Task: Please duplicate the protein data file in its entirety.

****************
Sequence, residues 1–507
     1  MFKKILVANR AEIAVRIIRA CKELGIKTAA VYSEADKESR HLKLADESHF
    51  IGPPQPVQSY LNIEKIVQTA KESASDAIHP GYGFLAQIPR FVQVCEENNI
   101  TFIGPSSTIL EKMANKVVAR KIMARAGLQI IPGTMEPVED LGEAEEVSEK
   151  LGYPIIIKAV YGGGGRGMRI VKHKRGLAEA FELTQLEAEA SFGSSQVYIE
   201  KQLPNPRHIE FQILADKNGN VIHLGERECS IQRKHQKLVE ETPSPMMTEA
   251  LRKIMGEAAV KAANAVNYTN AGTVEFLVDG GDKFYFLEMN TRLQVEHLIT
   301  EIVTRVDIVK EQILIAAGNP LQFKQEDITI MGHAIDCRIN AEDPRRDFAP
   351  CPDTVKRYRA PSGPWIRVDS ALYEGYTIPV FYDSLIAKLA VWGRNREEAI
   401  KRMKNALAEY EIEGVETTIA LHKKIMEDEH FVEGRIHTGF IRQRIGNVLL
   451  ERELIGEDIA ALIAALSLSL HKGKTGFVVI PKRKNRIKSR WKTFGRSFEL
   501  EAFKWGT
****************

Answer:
Sequence, residues 1–507
     1  MFKKILVANR AEIAVRIIRA CKELGIKTAA VYSEADKESR HLKLADESHF
    51  IGPPQPVQSY LNIEKIVQTA KESASDAIHP GYGFLAQIPR FVQVCEENNI
   101  TFIGPSSTIL EKMANKVVAR KIMARAGLQI IPGTMEPVED LGEAEEVSEK
   151  LGYPIIIKAV YGGGGRGMRI VKHKRGLAEA FELTQLEAEA SFGSSQVYIE
   201  KQLPNPRHIE FQILADKNGN VIHLGERECS IQRKHQKLVE ETPSPMMTEA
   251  LRKIMGEAAV KAANAVNYTN AGTVEFLVDG GDKFYFLEMN TRLQVEHLIT
   301  EIVTRVDIVK EQILIAAGNP LQFKQEDITI MGHAIDCRIN AEDPRRDFAP
   351  CPDTVKRYRA PSGPWIRVDS ALYEGYTIPV FYDSLIAKLA VWGRNREEAI
   401  KRMKNALAEY EIEGVETTIA LHKKIMEDEH FVEGRIHTGF IRQRIGNVLL
   451  ERELIGEDIA ALIAALSLSL HKGKTGFVVI PKRKNRIKSR WKTFGRSFEL
   501  EAFKWGT